Though the FW-190A-3 was the third variant, it was the first to achieve a high level of reliability and production. Earlier versions were plagued with an engine that liked to catch fire with some regularity, making it a requirement to have someone standing by with a fire extinguisher every time the engine was started. It was also saddled with the less than sparkling MG/FF cannon, that was drum fed and had a tendency to jam under high G loads. Since it was mounted in the wings, there was little the pilot could do but curse.
An increase it power, capability and armament came with the next version, but that is another story.
This kit is much what we have come to expect from Hasegawa. Solid engineering and many interchangeable sections to do other variants. Nearly all the sprues are marked FW-190 A-3/4 so you can bet on there being another version. Though some have thought that the A-1/2 could also be done with this kit, this isn't the case as there are some significant differences in the earlier versions that are not provided in the kit. However, it would only take an additional sprue to handle the changes.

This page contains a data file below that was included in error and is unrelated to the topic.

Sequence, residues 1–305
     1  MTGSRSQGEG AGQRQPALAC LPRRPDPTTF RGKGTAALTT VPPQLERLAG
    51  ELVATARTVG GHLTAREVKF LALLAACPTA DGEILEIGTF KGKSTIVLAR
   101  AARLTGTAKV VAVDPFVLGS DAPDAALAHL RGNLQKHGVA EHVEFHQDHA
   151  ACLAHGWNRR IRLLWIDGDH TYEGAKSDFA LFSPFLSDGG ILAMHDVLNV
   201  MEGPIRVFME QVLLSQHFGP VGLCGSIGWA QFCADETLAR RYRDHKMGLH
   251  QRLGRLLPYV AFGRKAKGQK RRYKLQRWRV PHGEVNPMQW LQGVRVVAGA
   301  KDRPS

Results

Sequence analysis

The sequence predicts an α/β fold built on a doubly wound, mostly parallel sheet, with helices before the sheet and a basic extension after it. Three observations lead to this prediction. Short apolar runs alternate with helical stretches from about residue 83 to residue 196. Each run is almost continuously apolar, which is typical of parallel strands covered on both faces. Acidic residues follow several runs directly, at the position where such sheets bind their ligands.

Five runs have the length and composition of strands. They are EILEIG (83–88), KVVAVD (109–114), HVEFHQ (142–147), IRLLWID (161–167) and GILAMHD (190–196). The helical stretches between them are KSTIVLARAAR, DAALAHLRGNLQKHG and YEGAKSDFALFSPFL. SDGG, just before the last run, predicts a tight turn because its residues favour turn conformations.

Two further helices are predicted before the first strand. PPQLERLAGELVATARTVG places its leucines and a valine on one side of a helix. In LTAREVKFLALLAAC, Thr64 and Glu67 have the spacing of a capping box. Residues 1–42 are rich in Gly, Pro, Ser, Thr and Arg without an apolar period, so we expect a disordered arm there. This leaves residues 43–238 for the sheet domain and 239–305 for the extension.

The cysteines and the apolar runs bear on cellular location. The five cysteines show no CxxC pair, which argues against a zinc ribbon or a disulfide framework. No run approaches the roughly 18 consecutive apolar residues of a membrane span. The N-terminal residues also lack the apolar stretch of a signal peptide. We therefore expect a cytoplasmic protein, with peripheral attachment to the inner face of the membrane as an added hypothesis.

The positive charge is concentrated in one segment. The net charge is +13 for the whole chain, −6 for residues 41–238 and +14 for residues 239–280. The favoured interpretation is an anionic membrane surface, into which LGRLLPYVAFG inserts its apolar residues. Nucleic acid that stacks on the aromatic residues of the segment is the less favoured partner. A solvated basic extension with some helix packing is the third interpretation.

I was somewhat surprised to find sink areas and some flash on the kit, especially as it is a brand new molding, but these things happen and it is nothing that some filler and trimming won't take care of. There are a lot of parts not used on this one. For instance, there are different lower gear doors, lower wing gun access panels, upper wing panels, cockpit armor plate, tail planes (why I'm not sure as they look the same), wheels and under fuselage bits like drop tank and bomb with bomb rack that are not appropriate to the A-3 version.
The kit has separate ailerons, which in itself is odd, but should improve the look in this area. The kit comes with sprue guards over the hinges to keep them from being damaged. A separate canopy and windscreen are supplied as are clear formation lights. Wheel well detail is excellent as is the detail on the landing gear legs, which include the lower door mount framework.